Such an increase is likely to encourage some nations to stockpile reserves of their national production. This may be quite rational given the key importance of food security to national economies, but it would also tend to encourage the return of global food speculation. We can see the speculative bubble in the sharp food price rise above and subsequent fall beneath the trend line, during the period from 2007-2009.

The exponential food price rise seen during 2007 seems to be a speculative bubble because it soars far above the decade long trend line before collapsing. Part of this sudden price increase was due to rising oil price, and some was due to food market speculation.

We now know that Goldman Sachs and others were strongly involved in food price speculation, anticipating profit from a sharp rise in food price:
In early 2008, everything boiled to the surface. The banks were fueling this artificial demand, and speculation drove wheat prices out of control. This spurred riots in more than thirty countries and drove the world’s food insecure to over one billion people. Somehow, this so-called fabulous investment was causing some serious trouble...

This far away world of high finance and commodities trading impacted the price of bread, cooking oil, butter, and other items all over the world. This is when the price of food gets scary -- it’s as if the masters of high finance have the ability to reach down and take the food right off of the tables of the poor. For most of the readers of this blog, you are maybe spending 15 or 20% of your income on food. But most people on this planet are spending upwards of 50% of their daily earnings on food. For many, the food bubble pushed that up to 80%, and right into the arms of food insecurity, malnutrition, and starvation...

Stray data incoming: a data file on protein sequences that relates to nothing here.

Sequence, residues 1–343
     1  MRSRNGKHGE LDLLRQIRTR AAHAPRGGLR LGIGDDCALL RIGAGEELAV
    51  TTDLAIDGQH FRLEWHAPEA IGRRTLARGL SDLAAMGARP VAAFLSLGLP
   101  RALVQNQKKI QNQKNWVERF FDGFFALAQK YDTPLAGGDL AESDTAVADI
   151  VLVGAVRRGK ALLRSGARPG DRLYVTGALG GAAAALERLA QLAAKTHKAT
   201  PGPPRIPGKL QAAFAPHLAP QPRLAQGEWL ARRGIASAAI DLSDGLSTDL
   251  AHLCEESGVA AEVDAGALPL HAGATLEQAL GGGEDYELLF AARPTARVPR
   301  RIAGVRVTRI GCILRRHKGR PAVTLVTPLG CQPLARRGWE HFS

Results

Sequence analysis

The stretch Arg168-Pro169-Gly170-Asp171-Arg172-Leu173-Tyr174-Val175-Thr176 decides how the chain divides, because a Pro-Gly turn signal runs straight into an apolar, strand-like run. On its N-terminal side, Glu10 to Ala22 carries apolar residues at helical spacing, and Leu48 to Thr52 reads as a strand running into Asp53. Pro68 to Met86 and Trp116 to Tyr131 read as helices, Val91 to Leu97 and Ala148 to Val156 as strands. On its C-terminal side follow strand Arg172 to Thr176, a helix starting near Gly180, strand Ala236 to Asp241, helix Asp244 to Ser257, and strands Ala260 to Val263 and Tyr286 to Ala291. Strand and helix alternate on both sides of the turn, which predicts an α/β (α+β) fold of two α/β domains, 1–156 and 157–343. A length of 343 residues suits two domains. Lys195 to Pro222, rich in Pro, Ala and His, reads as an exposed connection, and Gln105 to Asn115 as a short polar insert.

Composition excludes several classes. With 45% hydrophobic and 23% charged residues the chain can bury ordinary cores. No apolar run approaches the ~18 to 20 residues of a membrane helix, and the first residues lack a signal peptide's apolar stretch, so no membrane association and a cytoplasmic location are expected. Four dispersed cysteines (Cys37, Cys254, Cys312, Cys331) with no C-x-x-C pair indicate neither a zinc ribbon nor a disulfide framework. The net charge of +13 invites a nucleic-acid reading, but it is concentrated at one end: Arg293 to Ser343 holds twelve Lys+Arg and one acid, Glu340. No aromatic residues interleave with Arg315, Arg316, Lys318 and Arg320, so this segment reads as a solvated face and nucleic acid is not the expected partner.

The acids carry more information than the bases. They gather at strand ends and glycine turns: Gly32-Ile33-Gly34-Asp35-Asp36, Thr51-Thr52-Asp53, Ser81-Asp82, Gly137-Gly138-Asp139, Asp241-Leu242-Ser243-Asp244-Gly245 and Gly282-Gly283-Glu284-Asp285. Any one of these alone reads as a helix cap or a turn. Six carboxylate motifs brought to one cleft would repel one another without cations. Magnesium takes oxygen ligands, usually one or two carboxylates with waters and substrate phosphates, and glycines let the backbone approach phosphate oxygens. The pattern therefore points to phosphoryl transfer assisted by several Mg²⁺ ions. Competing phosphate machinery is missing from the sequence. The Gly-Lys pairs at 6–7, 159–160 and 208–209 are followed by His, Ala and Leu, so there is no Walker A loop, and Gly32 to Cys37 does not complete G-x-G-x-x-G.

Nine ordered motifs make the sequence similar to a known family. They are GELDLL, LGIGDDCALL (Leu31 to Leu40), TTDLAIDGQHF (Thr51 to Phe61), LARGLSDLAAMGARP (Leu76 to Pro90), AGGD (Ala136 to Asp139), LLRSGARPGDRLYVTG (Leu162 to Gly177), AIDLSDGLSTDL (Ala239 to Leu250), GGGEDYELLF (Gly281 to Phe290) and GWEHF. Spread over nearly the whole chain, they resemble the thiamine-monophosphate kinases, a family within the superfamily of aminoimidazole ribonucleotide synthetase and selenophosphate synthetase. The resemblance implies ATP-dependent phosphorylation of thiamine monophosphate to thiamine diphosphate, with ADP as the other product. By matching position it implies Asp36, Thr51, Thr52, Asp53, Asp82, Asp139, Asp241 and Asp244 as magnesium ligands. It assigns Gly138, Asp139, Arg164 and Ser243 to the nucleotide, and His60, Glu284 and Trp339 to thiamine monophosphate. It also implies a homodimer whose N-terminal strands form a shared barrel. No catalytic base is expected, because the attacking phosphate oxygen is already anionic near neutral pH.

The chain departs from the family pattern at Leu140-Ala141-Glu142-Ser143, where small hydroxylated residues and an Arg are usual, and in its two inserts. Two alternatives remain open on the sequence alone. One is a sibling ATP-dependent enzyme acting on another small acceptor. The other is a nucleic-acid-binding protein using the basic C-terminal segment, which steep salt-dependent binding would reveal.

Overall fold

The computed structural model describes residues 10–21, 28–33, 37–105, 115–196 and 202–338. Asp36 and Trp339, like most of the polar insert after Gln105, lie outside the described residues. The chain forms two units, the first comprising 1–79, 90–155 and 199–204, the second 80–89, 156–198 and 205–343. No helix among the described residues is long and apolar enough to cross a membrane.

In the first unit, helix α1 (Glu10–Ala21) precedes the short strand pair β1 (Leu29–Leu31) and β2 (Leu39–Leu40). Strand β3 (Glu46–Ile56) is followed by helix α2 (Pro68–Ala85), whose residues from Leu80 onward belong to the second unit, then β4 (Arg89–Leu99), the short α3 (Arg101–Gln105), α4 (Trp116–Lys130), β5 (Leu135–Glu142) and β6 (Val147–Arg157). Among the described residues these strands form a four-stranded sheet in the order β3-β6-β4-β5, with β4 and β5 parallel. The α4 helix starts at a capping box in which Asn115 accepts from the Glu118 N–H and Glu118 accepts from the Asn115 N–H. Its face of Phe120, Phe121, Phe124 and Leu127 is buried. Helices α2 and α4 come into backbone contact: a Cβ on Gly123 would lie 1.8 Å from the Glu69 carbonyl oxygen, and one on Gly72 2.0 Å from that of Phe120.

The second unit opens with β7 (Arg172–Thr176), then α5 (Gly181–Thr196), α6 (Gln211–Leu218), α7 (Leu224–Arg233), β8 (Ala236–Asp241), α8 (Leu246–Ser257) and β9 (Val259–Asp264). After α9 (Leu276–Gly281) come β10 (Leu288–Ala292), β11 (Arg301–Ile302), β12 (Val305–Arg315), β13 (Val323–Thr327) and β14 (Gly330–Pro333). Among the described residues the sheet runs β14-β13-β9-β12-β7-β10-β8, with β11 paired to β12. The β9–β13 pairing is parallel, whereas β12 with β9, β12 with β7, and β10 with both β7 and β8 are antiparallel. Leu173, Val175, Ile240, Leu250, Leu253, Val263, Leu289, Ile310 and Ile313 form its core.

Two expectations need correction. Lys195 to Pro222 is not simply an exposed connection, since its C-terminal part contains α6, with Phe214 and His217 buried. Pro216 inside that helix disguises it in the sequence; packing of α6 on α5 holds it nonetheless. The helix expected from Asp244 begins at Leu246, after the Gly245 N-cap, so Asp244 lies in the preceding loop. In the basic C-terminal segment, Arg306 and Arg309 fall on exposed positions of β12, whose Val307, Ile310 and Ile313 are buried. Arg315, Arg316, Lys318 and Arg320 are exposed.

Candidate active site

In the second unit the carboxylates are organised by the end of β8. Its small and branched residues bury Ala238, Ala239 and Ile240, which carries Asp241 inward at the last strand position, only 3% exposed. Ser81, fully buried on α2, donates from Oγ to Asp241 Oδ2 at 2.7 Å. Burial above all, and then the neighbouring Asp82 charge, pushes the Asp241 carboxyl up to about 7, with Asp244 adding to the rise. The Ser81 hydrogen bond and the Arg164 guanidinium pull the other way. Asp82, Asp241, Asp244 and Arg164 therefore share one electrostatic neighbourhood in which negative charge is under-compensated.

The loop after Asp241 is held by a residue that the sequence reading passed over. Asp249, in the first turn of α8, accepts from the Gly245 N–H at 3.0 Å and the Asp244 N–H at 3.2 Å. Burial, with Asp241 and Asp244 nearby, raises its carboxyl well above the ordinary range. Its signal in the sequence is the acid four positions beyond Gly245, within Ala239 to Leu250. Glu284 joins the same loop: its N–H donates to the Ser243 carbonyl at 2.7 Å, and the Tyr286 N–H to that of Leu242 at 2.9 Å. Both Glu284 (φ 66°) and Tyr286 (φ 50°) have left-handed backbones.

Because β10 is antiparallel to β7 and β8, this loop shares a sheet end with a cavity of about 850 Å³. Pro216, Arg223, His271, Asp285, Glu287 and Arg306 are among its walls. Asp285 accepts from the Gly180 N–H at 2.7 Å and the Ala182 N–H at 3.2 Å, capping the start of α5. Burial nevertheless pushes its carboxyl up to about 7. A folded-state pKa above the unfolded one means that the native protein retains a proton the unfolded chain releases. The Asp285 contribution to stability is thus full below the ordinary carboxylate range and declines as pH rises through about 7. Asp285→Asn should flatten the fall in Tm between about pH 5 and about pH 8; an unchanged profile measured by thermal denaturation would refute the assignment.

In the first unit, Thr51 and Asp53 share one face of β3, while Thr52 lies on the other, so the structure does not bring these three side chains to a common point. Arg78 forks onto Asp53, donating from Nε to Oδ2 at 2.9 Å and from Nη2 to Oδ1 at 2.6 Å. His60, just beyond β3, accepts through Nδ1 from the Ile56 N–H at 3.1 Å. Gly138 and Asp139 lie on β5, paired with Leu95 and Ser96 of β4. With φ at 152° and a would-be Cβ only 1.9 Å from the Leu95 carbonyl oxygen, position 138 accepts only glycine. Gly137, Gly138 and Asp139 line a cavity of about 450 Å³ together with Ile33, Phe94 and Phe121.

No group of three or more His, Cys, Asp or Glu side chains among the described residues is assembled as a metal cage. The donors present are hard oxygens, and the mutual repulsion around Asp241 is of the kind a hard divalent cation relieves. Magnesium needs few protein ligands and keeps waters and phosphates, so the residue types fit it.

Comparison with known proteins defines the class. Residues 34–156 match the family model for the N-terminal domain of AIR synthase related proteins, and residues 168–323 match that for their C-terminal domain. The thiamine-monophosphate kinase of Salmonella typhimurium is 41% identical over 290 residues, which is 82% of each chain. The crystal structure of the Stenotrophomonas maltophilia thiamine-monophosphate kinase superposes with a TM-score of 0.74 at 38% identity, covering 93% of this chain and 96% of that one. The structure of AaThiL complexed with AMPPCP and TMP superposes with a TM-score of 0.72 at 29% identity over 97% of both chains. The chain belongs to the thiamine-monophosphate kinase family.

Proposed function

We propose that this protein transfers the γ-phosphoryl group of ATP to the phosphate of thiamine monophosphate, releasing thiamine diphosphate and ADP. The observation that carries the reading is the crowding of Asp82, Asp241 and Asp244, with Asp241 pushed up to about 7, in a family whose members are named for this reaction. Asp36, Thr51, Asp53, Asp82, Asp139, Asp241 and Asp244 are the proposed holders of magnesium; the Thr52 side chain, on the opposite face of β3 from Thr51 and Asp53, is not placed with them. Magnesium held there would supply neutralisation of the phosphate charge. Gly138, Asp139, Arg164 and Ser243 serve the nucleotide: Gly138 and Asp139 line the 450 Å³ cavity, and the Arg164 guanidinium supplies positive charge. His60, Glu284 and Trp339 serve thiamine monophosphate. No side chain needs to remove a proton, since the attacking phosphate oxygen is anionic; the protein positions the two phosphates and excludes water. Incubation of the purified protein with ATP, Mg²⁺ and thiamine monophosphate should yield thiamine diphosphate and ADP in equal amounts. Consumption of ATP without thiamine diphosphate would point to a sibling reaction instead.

Food reserves have always been by nature conducive to hedging, hoarding, and speculation. Countries that experience shortages tend to try to secure food reserves in advance. Russia is now embargoing its wheat, which is raising its price globally. A rise in price tends to encourage further speculation.

Food is naturally and historically conducive to stockpiling reserves in anticipation of possible crop failure. If the price of a basic food crop rises, there is a natural tendency to buy some in reserve, which then causes the price to rise further.

This may be rational behavior for individuals, who may decide to stockpile a few months supply of grain for their family. However if this difficult-to-control behavior becomes widely practiced, it can easily lead to serious food shortages becoming a lot worse, which in turn is likely to force food rationing, other than by price.

[Roger Baker is a long time transportation-oriented environmental activist, an amateur energy-oriented economist, an amateur scientist and science writer, and a founding member of and an advisor to the Association for the Study of Peak Oil-USA. He is active in the Green Party and the ACLU, and is a director of the Save Our Springs Association and the Save Barton Creek Association in Austin. Mostly he enjoys being an irreverent policy wonk and writing irreverent wonkish articles for The Rag Blog.]

(reprinted with permission from The Rag Blog, Thorne Dreyer, ed.)

Friday, November 19, 2010

Organizing Meeting - Dallas-Fort Worth area

An organising meeting for the SP of DFW is going to be held on 20
November 2010, at 2:00 PM at the Bedford Public Library.
Here's the address:

1805 L. Don Dodson Dr
Bedford, TX 76021

For more information: